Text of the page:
Seagrass supports a number of habitats around the world.
We have already lost 35% of the world’s seagrass, this could lead to the degradation of a number of other important and productive habitats that rely on seagrass.
Seagrasses form a partnership with nearby habitats
Seagrasses, coral reefs and mangroves work together. Seagrasses trap and stabilize sediment which in turn provides an area for mangroves to grow on. Coral reefs protect seagrasses from wave action and, in turn, seagrasses protect coral reefs from bacterial run-off from the shore.
Seagrass meadows protect coral reefs from disease
Seagrass meadows often grow beside coral reefs and it has been found that reef-building corals found next to seagrass beds have half the levels of diseases associated with bleaching than those corals without a nearby meadow. It appears that seagrasses could act in the same way as wastewater treatment facilities, releasing the high amounts of oxygen they make via photosynthesis, which is then toxic to the pathogens.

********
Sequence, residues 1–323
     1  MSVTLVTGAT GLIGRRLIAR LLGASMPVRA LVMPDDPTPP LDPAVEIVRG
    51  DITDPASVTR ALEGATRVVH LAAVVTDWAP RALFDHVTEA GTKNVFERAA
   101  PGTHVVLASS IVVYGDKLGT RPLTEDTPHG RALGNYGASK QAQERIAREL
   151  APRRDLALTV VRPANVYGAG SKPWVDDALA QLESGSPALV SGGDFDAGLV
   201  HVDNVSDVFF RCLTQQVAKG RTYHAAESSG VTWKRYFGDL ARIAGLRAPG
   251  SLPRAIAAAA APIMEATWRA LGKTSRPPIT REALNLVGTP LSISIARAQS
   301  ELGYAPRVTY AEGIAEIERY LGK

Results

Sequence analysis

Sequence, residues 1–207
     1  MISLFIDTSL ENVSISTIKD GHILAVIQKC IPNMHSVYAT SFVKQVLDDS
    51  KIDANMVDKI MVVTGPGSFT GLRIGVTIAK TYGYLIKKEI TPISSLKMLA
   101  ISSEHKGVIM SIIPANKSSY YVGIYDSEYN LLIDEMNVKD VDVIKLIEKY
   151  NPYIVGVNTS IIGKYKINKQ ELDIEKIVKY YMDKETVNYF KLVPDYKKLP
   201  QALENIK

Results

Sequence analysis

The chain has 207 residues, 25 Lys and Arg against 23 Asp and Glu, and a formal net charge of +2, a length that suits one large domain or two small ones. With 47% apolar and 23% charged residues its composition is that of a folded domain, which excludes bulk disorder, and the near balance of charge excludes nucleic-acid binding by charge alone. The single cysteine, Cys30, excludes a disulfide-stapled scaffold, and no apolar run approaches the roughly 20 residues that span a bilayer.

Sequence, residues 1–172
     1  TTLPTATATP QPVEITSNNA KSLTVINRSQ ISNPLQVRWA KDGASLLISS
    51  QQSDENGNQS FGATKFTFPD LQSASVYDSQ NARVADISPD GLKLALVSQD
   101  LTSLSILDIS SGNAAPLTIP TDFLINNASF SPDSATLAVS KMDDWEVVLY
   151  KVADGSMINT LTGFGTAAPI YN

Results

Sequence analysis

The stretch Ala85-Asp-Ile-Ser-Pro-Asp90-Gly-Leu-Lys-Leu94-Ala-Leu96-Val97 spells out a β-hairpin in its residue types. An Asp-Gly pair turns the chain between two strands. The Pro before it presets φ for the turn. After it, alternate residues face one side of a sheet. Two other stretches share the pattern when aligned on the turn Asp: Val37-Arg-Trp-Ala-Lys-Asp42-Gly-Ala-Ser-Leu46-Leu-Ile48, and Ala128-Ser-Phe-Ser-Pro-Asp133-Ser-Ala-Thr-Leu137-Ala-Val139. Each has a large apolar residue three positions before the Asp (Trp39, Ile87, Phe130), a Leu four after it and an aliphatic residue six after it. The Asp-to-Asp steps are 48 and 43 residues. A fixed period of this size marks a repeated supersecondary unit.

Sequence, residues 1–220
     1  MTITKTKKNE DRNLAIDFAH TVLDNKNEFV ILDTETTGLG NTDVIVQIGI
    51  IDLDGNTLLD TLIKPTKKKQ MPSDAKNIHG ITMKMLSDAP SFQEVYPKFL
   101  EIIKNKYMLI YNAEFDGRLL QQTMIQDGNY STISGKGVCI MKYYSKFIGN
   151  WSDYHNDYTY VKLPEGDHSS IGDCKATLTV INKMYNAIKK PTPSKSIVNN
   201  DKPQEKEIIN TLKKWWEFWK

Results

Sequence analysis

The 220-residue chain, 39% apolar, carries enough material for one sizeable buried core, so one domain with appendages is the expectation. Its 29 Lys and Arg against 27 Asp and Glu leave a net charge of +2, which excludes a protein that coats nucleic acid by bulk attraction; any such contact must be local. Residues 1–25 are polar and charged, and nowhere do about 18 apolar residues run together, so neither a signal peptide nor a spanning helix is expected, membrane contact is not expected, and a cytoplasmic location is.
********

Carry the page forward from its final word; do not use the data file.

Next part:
Project Seagrass is an marine conservation charity dedicated to ensuring that seagrass meadows are protected globally, for the biodiversity and people that depend on them.
Registered Charity in England and Wales No. 1162824 and in Scotland No. SC046788
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